The counting of votes for the 243-seat Bihar Assembly would be held on November 8. Here's a quick look at the key numbers ahead of the results:
1. Voter turnout
As the fourth phase of polling in Bihar ended on Sunday, both the Nitish-led grand alliance and the BJP were upbeat about their prospects. The voter turnout in this phase was 57.59 %, while in 2010 it was 54.28% and in 2014 Parliamentary poll it was 57.33 %. However, like the previous three phases, women voters again outnumbered males in this phase by six per cent.
2. 'Criminal' candidates
An analysis by Association for Democratic Reforms showed that 133 (41%) out of the 327 candidates fielded by the Congress in the last 10 years had declared criminal cases against them. Similarly, 54% of all candidates who contested on BJP seats in the last 10 years had criminal cases against them. A look at the party-wise break-up of no. of candidates with criminal cases against them (last 10 years):
3. Women voters can tip the scales
Political parties must recognise the power of 46.6 — the fraction of women electors who will determine the fate of the parties. Women in Bihar have been agents of change in previous elections and have brought in significant political and policy changes in the State. Bihari women have shown that the interests of half the society are not merely significant, but also distinct from the interests of the other half. This is reflected in their voting behaviour. > More..
4. Divided loyalties
Given a bipolar contest and accretion of different social groups under the banner of either alliance, relative turnouts of various communities could clinch the verdict. If MBCs, Dalits and Forward Castes turn out in more numbers than the Muslim-Yadav-Kurmi coalition on polling days, then the NDA may carry the day. Hence, a keen eye has to be kept on relative turnouts and not merely aggregate turnouts on the polling day to sense the direction of political winds. > More...
5. Understanding 'strike rates'
To understand relative party performance, we calculate strike rates in 2014, i.e., the percentage of Assembly Constituencies contested by the party in which the party won the most votes. The strike rates of each of the parties in the current UPA (or “maha gathabandhan”) challenging NDA fell below 20 per cent in 2014, with RJD and Congress displaying strike rates of 19.5 per cent and 19.2 per cent respectively, and JD(U) winning only 7.8 per cent of the ACs in which it contested. NDA parties in 2014 (all of which have returned to NDA) had strike rates of at least 65 per cent with BJP and LJP displaying strike rates of 66.5 per cent and 79.1 per cent, respectively, and RLSP winning a nearly perfect 94.4 per cent of the constituencies in which it contested. > More...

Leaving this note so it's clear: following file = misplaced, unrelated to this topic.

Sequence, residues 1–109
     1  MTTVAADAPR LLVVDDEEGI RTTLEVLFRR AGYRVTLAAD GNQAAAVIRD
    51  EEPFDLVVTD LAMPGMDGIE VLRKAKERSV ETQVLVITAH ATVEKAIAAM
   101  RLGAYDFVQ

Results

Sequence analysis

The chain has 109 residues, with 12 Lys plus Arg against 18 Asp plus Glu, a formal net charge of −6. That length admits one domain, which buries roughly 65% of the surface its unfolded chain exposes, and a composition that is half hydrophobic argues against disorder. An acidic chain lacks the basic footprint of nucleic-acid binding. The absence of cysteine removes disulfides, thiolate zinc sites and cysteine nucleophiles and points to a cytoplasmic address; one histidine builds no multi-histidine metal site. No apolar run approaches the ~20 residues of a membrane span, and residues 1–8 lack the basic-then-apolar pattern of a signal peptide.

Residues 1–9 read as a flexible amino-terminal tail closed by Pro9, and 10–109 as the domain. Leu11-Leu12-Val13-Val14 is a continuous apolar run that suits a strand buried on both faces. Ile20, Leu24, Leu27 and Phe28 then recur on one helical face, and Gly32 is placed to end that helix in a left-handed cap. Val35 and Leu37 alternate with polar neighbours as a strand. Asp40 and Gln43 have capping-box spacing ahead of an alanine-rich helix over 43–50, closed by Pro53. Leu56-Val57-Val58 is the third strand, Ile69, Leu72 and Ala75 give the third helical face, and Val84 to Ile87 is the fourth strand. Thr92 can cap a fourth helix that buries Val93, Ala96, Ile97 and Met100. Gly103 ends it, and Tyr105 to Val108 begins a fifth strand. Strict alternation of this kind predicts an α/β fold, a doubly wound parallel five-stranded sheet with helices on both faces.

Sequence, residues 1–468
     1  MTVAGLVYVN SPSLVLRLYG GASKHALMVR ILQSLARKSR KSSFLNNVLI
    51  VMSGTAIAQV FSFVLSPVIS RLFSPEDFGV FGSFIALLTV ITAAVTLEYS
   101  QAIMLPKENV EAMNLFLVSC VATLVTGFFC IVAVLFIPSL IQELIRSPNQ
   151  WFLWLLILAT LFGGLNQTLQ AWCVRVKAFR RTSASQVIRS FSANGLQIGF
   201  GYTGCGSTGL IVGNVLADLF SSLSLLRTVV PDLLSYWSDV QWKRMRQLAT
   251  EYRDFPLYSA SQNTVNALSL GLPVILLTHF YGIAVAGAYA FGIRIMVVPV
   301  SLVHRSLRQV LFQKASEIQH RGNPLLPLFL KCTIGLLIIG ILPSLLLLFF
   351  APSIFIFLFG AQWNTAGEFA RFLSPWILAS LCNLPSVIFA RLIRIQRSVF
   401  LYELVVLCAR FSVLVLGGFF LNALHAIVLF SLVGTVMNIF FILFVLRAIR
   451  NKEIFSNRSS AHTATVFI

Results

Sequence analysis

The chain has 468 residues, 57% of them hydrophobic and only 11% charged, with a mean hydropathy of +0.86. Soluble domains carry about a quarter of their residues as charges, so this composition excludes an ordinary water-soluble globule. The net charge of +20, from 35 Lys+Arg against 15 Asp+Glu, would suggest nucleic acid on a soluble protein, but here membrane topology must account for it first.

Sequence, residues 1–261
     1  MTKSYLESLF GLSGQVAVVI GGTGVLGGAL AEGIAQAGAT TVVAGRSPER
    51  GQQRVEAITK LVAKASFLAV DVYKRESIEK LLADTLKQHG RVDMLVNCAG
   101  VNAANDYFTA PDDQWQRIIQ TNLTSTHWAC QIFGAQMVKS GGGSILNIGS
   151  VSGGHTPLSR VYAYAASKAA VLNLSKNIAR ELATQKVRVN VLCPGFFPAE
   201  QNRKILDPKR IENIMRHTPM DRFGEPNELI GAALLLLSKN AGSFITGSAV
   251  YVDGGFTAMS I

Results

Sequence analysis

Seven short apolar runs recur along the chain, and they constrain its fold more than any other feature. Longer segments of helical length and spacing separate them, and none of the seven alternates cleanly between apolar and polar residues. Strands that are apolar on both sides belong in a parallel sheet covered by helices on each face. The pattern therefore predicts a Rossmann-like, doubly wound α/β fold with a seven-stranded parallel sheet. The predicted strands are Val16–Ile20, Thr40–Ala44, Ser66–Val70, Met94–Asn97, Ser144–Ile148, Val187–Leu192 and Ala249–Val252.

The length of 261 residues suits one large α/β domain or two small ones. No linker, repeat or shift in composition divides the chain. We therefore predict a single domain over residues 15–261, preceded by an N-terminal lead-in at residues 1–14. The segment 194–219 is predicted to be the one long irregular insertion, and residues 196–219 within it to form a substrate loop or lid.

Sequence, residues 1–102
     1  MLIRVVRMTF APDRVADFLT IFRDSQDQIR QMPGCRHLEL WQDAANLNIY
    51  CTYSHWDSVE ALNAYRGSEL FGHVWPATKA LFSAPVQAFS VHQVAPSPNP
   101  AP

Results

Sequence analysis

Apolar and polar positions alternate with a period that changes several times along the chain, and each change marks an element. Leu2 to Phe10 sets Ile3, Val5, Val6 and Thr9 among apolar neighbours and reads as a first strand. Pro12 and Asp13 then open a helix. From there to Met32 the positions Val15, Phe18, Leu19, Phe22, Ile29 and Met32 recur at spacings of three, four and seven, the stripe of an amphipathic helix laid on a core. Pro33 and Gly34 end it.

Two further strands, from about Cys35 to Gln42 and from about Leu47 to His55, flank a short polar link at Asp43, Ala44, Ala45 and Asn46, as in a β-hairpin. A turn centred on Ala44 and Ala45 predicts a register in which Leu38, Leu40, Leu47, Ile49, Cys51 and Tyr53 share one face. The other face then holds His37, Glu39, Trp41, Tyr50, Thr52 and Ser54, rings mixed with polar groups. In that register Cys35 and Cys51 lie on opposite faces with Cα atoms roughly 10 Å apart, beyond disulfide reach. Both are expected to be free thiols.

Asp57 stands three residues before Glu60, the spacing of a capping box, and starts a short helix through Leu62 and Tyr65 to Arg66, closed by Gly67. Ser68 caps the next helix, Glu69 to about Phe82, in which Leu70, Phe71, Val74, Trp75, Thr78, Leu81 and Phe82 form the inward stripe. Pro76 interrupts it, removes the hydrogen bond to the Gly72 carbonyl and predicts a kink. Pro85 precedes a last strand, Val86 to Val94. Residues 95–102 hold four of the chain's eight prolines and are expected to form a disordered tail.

6. Perception problem
Mr. Kumar in the last ten years has portrayed himself as a ‘Vikas Purush’ (a leader who gives importance to development). The alliance with Mr. Prasad is likely to alienate a section of the voters, who may have voted for Mr. Kumar on the plank of good governance and development. > More...
7. The significant migrant population
How much impact would the migrant population have on the final tally? The overall effect of the migrant population in the final instance would be determined by four inter-related factors.
|How many of these migrants will return to vote.
|Do these returnees overwhelmingly belong to certain communities and a certain economic class?
|Do they vote along with other members of their household or are their voting decisions independent?
|Do migrants influence the voting decisions of their family members even when they are not visiting their native places during elections?
As there are no reliable estimates that suggest otherwise, we have assumed that a large proportion of the migrant population is registered as voters in Bihar. >More..
A look at the 2010 results
The Janata Dal (United) won 115 of the 141 seats it contested, while the Bharatiya Janata Party bagged 91 of the 102 seats it contested. The BJP's performance in the State was not only its best since iIdependence but it also bettered the strike rate of its partner. The Rashtriya Janata Dal-Lok Jan Shakti Party alliance finished a distant second with 25 seats (RJD 22; LJP 3), while the Congress brought up the rear with four seats, five less than its previous tally. The Jharkhand Mukti Morcha opened its account in Bihar, winning the Chakai seat. The Communist Party won one seat and independents/others, six.